Two Kirkcaldy wrestlers are preparing for a showdown in Judge Rinder’s daytime television courtroom.
Euan G Mackie, who was suspended for lifting up a child spectator during a Fife show, believes he is owed compensation for cancelled appearances.
But World Wide Wrestling League (W3L Wrestling) promoter Michael Musgrave, known in the ring as Mike Musso, is standing by his decision to put Mr Mackie’s career on hold.
To break the stranglehold, both sides have agreed to appear in front of the TV judge for him to decide.
Mr Musgrave said: “We need to be absolutely sure that people attending our shows are not going to be scared.
“It’s OK to be a scary bad guy but the moment someone lifts a child up they have crossed the line.
“Euan might be small but he’s quite a scary character with his mask and get-up.”
Mr Musgrave said the primary school-aged child was unhurt after the ordeal and W3L Wrestling had spoken to the family.
It is understood the family have not made any complaints to the police.
In full costume, the 5ft 3in tall Mr Mackie sports a black hat, dirty frilled shirt and a mask with a long white pointed nose.
During a pre-match speech, he said: “I am the monster who crushes your dreams and the greatest of nightmares this world has ever seen.”
He was suspended from all W3L Wrestling events pending further investigation following complaints from members of the audience.
“While W3L fans have come to expect over-the-top antics from many of our stars we do not wish anyone to feel like a single wrestler’s actions ruined their enjoyment of our events or made them feel uncomfortable to the extent that they would consider not attending a future event despite enjoying the rest of our line up,” said Mr Musgrave.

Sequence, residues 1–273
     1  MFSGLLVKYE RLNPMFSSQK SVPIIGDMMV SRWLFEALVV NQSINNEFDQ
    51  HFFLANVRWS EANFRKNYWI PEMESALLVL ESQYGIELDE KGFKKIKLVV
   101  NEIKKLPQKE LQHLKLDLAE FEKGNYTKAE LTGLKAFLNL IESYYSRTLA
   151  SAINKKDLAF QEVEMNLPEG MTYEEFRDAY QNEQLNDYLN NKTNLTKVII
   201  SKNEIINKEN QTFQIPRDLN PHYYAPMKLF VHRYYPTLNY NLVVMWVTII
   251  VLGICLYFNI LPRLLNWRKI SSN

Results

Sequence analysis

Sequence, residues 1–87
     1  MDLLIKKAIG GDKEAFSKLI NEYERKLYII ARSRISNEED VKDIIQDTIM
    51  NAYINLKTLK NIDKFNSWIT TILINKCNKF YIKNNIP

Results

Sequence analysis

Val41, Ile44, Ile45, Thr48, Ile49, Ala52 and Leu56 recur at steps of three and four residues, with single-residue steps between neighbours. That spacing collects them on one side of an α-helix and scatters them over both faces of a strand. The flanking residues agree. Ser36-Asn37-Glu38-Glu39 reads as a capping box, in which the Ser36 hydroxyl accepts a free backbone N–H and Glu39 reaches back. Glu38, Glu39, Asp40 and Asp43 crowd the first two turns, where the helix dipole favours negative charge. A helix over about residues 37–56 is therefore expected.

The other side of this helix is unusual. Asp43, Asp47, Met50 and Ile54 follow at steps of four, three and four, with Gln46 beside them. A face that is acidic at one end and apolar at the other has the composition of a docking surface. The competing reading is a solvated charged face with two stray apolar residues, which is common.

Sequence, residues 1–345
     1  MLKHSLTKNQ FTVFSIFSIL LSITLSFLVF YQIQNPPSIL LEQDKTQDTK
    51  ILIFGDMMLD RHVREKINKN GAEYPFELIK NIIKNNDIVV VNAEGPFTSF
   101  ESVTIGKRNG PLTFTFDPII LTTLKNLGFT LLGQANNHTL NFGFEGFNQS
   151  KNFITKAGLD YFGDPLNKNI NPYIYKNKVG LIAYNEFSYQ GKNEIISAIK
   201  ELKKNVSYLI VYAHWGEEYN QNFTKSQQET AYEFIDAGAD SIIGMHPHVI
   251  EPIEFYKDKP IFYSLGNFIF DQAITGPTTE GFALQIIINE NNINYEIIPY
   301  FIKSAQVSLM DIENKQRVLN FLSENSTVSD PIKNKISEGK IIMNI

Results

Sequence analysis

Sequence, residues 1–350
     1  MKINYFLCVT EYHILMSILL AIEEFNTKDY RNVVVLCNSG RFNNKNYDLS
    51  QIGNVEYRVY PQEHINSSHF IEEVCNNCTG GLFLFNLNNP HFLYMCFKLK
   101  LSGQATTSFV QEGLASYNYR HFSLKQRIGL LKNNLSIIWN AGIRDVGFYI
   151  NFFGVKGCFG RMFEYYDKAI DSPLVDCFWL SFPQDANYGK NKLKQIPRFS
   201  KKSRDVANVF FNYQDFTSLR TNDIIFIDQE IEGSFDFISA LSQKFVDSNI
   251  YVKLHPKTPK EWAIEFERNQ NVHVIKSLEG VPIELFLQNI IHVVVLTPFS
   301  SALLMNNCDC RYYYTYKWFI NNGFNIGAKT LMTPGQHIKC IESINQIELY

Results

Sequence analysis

He added that despite the dispute he would not rule out working with Mr Mackie in the future.
“Although there’s a serious disagreement, there is no personal animosity. In wrestling, you never say never. Maybe we will work something out.
“From a business point of view it is still under review.”
The show featuring Mr Mackie and Mr Musso is expected to be aired on December 9.
Strictly the judge
Robert Rinder is currently one of the remaining contestants on BBC1’s Strictly Come Dancing.
But when not perfecting his rumba or paso doble, he takes on the persona of Judge Rinder for ITV’s daytime schedule, overseeing cases mainly involving rows over loans and compensation payments.
Taking charge of a studio mock-up of a small claims court, Rinder keeps those who interrupt him in check with his catchphrase “Talking!”
Those who repeatedly interrupt or misbehave are escorted from the courtroom.
Although in the name of entertainment, the show features some genuine disputes, including one involving a 74-year-old toothless busker, a lime green mankini and an unfortunate wardrobe malfunction at a battle of the bands.
Rinder is qualified in law as a barrister, if not an actual judge.
He attended the National Youth Theatre but later studied politics, modern history and art at the University of Manchester after deciding against an acting career, reportedly having been intimidated by his friend Benedict Cumberbatch’s acting prowess.
Having left university with a double first class honours he went straight into a pupillage and has been involved in a string of high-profile fraud and criminal cases, including the manslaughter of detainees in Iraq by British servicemen.